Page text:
Not that I’m a huge fan, but it does seem as though both slugs (the creatures) and the use of the word “slug” (“get up, sweet slug-a-bed”) are incorrectly connected with slowness, grogginess, and general incapacity.
My observations of slugs indicate just the opposite. My husband and I were sitting in the garden yesterday and he spotted a slug crawling up a container. He flicked it off, but then just a minute or so later, it had once again reached the rim of the pot. When you look at it, a slug’s progress does seem somewhat laborious, but it gets a lot accomplished in a lot of different places in the garden. I have the perforated leaves to prove it.
They seem to have their preferences. They love coleus, lamium, and sweet potato vine, but never touch any of my hostas, elephant ear, or ferns. I think these may be too tough for them, but I’m not sure.
And what to do about it? So far, I have done nothing. In the past, I’ve tried the saucers filled with beer, but they’re distasteful to empty and the wisdom is that they may actually attract more slugs than you would otherwise have in your garden. Last year I sprinkled Sluggo around the plants that were hit the hardest and where the damage was the most noticeable. It’s supposed to be relatively harmless, but I really don’t know. Then, there is the solution of placing fine-grained gravel around the plants, which hurts their little slug bodies, so they avoid it. I like that the best, I think. Another that sound like too much trouble is the collar about the plant stem.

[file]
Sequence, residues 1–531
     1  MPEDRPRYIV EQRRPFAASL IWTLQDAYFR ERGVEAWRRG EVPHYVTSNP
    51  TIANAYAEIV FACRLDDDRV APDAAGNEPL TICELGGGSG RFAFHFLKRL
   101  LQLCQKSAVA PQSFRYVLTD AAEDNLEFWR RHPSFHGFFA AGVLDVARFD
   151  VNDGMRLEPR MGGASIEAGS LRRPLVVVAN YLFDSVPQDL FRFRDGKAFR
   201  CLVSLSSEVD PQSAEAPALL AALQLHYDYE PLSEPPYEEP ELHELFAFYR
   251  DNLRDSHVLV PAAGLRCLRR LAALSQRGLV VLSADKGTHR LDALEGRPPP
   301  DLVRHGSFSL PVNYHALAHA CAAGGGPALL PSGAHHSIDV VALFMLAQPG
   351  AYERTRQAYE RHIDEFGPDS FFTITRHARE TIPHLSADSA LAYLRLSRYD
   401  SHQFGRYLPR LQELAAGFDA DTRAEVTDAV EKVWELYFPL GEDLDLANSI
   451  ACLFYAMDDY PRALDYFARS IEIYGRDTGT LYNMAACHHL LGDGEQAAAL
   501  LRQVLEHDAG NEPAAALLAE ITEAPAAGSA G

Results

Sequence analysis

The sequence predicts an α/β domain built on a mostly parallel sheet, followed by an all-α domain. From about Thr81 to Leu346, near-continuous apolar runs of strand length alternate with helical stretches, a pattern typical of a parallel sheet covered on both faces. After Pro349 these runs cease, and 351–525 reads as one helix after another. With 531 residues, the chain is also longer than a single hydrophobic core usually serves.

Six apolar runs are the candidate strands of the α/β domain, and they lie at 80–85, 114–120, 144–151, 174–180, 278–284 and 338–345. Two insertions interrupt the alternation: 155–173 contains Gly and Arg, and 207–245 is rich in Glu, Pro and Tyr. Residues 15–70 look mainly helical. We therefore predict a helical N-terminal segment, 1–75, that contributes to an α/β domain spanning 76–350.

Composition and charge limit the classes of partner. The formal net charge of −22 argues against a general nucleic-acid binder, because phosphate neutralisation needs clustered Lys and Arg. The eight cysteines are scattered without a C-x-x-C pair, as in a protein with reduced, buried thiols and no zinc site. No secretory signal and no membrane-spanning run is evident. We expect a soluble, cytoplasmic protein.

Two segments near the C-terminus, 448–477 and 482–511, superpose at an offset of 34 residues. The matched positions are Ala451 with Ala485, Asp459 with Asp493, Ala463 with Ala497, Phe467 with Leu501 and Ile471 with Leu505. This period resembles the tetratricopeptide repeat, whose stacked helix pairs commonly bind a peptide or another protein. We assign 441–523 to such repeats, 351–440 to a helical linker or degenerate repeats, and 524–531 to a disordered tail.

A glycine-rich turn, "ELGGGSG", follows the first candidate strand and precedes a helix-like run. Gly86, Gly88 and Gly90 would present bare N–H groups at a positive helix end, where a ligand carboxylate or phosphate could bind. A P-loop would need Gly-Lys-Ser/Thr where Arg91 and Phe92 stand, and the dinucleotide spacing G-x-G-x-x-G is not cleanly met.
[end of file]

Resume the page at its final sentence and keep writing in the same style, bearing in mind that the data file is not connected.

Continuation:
I can’t say I hate slugs that much—they’re fascinating creatures. But I know the time is coming when enough will be enough and I’ll have to do something.Posted by Elizabeth Licata on June 29, 2008 at 7:48 am, in the category Shut Up and Dig.